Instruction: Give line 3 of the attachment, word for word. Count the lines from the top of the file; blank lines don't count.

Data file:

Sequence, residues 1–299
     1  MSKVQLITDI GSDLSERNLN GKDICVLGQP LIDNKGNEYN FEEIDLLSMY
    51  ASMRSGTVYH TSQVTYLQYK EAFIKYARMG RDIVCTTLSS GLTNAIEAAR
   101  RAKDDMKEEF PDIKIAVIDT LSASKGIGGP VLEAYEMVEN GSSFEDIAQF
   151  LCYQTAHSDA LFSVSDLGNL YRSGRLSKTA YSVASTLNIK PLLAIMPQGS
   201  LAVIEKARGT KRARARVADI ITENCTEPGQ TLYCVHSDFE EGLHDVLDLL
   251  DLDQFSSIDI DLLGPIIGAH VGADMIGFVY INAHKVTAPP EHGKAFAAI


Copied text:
    51  ASMRSGTVYH TSQVTYLQYK EAFIKYARMG RDIVCTTLSS GLTNAIEAAR